It’s been more than a month now since I’ve posted. I’ve been really busy with project work, and moving to my new home. So let’s start off with a bang….
In almost every developer’s life, our effectiveness and productivity are greatly affected by the tools we use. I’m sure everyone has a list of developer tools that they love. I’m no exception to that, and I’ve recently added NDepend (which is a static analyzer that simplifies managing complex .NET code base) to my list of GREAT tools. Patrick Smacchia was kind enough to give me a professional copy of NDepend and I decided to use it with a sample project I’ve been working on slowly and painfully over the last month. I took the sample WPF application (using Prism v2) I posted some time back, and decided to convert it into a Multi-Target project with Silverlight using Project Linker (will blog about this later). I thought it would be a good idea to see how decoupled my solution would be using Prism and Multi-Targeting.
NDepend has a very large set of features, and for this post, I’m only able to scratch the surface of it’s capabilities and provide a high level view.
Upon starting up NDepend, I was struck by it’s clean UI and visually attractive look. After looking my numerous WPF and SL assemblies, NDepend immediately whipped up a report in HTML format (or generate one using F5) and displayed it on my browser. Navigating back to the NDepend UI, I decided to investigate the numerous features. I managed to find my way around relatively easily, without the need to read lengthy documentation or tutorials. That’s a sign of well designed UI and usability. Let’s move on to some of the features.
Metrics play an important part of measuring code quality. NDepend provides a very deep level of metric information. It’s not just about numbers but there’s also a interesting visualization medium. If you look at the screenshot above, you will notice that the assemblies are broken up into funky looking rectangles. If you mouse over these rectangles, the tooltip will tell you which class, and what method you are currently looking at. I really like this visualization effect since the size of the rectangles tell me straight up how large my assemblies are in the whole scheme of things, as well as the size of my classes. When you mouse over a rectangle, the Info windows shows you metric information for that class and method.
The dependency matrix shows you how tightly coupled your assemblies are, based on different units of measure. For instance, in the screenshot above, the matrix shows the number of method access from one assembly to another. Clicking on a cell will give you more detailed information about that coupling. Selecting the dropdown gives you different units of measure, like Types, Namespaces, Fields, etc. I have many zeroes, I guess that’s a good sign
The dependency graph is great at looking at the dependencies for each assembly. Again NDepend utilizes heavily on visualization, with very cool effects of highlighting these dependencies when you mouse over. This allows you to actually see how complex your application is (or has become, using compare different version of your code base).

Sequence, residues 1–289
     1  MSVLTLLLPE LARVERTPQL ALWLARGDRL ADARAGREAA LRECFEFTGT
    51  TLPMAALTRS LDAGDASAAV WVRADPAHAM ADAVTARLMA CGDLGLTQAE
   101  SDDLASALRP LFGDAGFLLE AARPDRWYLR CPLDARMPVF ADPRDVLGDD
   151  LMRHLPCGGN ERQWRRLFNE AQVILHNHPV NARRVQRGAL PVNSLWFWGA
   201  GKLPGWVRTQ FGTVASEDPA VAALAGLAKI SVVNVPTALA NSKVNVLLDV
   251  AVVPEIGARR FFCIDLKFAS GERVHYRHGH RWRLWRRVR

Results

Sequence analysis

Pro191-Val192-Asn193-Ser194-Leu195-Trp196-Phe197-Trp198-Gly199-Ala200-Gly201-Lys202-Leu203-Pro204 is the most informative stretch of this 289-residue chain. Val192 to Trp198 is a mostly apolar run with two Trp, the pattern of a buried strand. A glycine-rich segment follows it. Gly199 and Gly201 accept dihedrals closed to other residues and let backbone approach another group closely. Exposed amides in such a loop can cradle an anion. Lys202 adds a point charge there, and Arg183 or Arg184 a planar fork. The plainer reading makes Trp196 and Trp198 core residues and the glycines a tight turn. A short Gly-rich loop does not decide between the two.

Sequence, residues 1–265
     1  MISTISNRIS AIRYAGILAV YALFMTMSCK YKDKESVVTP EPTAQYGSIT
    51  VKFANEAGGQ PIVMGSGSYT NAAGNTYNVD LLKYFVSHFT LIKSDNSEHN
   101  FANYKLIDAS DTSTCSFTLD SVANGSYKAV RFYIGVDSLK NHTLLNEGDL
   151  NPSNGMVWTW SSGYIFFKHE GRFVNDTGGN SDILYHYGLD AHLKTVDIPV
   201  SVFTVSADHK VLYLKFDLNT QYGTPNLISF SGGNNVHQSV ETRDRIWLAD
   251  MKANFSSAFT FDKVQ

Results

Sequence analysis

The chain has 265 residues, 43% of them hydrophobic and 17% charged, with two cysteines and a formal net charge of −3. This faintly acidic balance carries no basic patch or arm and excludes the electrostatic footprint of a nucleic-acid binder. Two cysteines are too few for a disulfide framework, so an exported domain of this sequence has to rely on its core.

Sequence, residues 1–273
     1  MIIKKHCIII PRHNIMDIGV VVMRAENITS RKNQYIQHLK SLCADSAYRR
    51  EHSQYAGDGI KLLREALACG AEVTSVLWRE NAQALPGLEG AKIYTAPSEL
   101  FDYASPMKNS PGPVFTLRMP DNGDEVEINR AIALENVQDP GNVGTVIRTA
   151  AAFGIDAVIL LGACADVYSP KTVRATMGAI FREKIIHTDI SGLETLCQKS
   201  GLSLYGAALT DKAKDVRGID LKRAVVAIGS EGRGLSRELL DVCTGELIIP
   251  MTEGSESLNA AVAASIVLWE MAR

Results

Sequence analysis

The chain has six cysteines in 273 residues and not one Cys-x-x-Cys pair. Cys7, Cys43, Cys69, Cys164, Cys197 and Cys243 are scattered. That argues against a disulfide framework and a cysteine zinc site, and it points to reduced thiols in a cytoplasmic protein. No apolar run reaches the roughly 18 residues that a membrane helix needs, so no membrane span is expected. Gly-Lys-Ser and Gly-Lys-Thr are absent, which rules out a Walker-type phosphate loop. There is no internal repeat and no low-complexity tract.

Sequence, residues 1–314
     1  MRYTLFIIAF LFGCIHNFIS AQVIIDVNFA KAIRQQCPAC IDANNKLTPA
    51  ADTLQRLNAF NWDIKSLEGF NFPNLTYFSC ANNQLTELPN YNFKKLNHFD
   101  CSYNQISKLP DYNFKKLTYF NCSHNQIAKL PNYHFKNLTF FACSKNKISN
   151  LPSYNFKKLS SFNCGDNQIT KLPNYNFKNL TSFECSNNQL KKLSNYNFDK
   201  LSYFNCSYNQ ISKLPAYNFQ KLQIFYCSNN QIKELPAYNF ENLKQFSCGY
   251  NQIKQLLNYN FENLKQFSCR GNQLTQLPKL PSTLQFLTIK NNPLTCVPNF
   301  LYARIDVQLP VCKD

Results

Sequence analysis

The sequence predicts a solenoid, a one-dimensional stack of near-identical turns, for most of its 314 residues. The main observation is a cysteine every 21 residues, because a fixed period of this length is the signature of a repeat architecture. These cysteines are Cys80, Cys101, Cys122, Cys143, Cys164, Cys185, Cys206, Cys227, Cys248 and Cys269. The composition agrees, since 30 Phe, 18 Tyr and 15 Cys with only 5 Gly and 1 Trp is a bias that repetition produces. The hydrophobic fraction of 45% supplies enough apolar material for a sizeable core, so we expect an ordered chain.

Code Query Language (CQL)
This is my favourite feature of all. CQL bears great resemblance to SQL statements and makes sense to do so. Using CQL you can write to own queries to find retrieve your desired metrics. If you look at the screenshot above, out of the box there are CQL query groups that tell you about your Code Quality, Design, etc. All these “benchmarks” are constructed using CQL and you can drill down deeper to see the actual CQL query as well as the results of these queries. Of course you can modify these “benchmarks” to suit for project needs, or create new ones, using the CQL Editor, which has built-in compiler and Intellisense! Sweet.
Why I like NDepend
I really like the way NDepend uses visualizations instead of just dumping raw data on the screen. I also really enjoy the way information is displayed dynamically just by mouse-over and not having the need to always click to see information, like most other tools. Most importantly, I love how NDepend updates all the other windows accordingly when you select something in one of them, sort of like global updating.
If I had to pick one thing I don’t like about NDepend, it would have to be metric terms used, and the way it is calculated. For a beginner like myself, I do have trouble understanding what some of the terms refer to. For instance, something that confuses me is “Relational Cohesion 1.75″. It would be nice to have some kind of pop-up tooltip that tells me the definition of a term, and how good/bad that number is. Perhaps I have not dug deep enough and that feature may already be there, so please do correct me if that is the case.
In my opinion, NDepend is an excellent analyzer tool to ensure overall quality of your code base. Now there’s actually a product that can tell you how tightly coupled or complex your application really is. And best of all, you can put this information to good use, be it refactoring, redesigning or abstracting your code base. With NDepend, there is no longer an excuse to not to pay off your technical debt, before bad things happen!
Don’t just take my word, do conduct your own analysis of NDepend, and see if it suits for needs. If you would like to see the NDepend report I mentioned earlier in this post, you can download that report here. There’s a great level of detail! Enjoy.
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